Western Digital today announced the newest addition to its award-winning WD Blue lineup, the WD Blue SN550 NVMe SSD that...
Western Digital Corp. today announced its successful development of four bits per cell, X4, flash memory architecture offering on 64-layer 3D NAND, BiCS3, technology. Building on its pioneering innovation of X4 for 2D NAND technology and past success in commercializing it, the company has now developed X4 for 3D NAND by leveraging its deep vertical integration capabilities. These include silicon wafer processing, device engineering to provide sixteen distinct data levels in every storage node, and system expertise for overall flash management. BiCS3 X4 technology delivers an industry-leading storage capacity of 768 gigabits on a single chip, a 50 percent increase from the prior 512 gigabit chip that was enabled with the three bits per cell (X3) architecture. Western Digital will showcase removable products and solid-state drives built with BiCS3 X4 and systems capabilities in August at the Flash Memory Summit in Santa Clara, California.
“The implementation of X4 architecture on BiCS3 is a significant development for Western Digital as it demonstrates our continued leadership in NAND flash technology, and it also enables us to offer an expanded choice of storage solutions for our customers,” said Dr. Siva Sivaram, executive vice president, Memory Technology, Western Digital. “The most striking aspect in today’s announcement is the use of innovative techniques in the X4 architecture that allows our BiCS3 X4 to deliver performance attributes comparable to those in BiCS3 X3. The narrowing of the performance gap between the X4 and X3 architectures is an important and differentiating capability for us, and it should help drive broader market acceptance of X4 technology over the next several years.”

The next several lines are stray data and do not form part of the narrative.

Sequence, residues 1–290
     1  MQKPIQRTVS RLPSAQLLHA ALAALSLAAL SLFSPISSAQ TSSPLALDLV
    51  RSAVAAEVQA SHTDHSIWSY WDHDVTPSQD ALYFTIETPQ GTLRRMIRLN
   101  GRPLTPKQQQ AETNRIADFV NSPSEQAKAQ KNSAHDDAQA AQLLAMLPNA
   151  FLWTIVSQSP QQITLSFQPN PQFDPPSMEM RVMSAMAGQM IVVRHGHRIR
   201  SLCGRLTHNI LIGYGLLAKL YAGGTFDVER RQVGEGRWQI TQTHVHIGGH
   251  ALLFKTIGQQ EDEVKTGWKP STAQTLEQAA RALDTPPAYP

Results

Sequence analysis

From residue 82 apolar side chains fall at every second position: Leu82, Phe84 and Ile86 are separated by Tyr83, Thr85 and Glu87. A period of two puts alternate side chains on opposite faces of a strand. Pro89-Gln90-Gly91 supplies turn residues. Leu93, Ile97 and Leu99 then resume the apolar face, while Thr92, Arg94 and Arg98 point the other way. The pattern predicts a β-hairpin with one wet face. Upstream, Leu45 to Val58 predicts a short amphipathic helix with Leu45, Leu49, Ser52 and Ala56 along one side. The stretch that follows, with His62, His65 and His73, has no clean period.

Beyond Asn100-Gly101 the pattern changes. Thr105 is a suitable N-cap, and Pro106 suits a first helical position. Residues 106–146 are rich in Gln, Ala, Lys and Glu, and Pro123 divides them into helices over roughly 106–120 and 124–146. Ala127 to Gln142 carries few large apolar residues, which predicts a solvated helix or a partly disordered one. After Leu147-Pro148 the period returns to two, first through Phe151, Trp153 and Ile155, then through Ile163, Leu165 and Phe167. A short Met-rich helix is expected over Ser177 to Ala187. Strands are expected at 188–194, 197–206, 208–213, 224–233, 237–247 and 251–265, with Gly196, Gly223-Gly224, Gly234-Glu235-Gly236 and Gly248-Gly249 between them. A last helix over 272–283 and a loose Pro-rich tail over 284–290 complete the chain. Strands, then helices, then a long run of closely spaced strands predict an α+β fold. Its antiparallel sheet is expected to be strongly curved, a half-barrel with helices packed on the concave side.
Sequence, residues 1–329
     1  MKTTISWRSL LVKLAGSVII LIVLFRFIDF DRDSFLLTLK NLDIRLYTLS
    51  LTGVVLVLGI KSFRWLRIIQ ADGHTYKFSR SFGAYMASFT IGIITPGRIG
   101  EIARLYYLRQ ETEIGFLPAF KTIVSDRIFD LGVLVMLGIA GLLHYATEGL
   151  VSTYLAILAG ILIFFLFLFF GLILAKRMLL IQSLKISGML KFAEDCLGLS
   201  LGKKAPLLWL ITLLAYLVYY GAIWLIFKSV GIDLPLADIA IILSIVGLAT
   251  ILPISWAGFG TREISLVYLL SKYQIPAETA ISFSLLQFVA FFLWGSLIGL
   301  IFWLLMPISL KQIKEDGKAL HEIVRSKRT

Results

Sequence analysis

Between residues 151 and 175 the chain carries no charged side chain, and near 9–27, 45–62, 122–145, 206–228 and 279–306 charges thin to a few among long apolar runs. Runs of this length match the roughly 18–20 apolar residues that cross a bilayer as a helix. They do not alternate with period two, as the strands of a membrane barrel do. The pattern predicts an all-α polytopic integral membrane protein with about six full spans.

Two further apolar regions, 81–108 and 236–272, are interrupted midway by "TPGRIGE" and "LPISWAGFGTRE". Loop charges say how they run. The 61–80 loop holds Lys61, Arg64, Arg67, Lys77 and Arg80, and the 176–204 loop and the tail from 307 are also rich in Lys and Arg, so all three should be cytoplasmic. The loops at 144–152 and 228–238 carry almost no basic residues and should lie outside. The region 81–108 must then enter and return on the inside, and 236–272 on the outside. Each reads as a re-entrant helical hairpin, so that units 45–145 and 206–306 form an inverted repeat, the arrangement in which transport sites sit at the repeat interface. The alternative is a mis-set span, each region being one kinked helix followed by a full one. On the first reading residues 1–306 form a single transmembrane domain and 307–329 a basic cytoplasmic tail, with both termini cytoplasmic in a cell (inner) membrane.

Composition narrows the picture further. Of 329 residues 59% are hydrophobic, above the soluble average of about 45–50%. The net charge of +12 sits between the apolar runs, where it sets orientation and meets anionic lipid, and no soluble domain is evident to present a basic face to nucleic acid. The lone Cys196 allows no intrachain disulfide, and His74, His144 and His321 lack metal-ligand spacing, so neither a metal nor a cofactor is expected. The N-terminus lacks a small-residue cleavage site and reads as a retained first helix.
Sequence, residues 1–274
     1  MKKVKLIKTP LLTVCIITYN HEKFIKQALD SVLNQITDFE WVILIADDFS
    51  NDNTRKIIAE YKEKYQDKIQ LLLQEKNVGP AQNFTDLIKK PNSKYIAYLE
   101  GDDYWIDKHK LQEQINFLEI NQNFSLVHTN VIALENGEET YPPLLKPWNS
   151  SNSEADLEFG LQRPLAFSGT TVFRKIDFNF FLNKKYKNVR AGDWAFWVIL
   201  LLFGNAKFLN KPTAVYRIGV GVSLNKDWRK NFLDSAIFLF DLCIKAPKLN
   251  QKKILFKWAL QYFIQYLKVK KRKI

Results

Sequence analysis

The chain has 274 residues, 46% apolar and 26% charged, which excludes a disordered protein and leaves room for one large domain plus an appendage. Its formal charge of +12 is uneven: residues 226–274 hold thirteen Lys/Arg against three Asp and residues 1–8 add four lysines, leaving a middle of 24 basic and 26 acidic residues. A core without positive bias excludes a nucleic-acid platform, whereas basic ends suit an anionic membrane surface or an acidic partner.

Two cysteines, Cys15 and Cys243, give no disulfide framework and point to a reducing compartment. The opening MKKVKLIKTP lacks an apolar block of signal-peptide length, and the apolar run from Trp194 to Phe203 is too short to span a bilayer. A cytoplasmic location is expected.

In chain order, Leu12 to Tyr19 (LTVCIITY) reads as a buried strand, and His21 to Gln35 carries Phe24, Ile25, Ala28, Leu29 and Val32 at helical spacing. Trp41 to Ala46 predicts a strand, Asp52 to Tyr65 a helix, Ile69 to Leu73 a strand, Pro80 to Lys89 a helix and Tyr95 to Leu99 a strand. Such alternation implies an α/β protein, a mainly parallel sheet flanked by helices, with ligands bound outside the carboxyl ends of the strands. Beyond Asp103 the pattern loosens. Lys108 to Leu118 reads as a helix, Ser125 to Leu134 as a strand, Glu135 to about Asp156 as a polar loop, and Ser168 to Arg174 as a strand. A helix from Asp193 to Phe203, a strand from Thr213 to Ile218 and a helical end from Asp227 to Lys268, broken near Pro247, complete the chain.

This latest achievement follows a nearly three-decade long legacy of industry firsts in flash innovation, including the industry’s multi-level cell (MLC) flash technologies using two bits (X2) and three bits (X3) per cell.
The company expects to productize its 3D NAND X4 technology across multiple end-use applications that can take advantage of the higher capacity points supported by X4. Future generations of 3D NAND technology, including the 96-layer BiCS4, are also expected to feature X4 capabilities.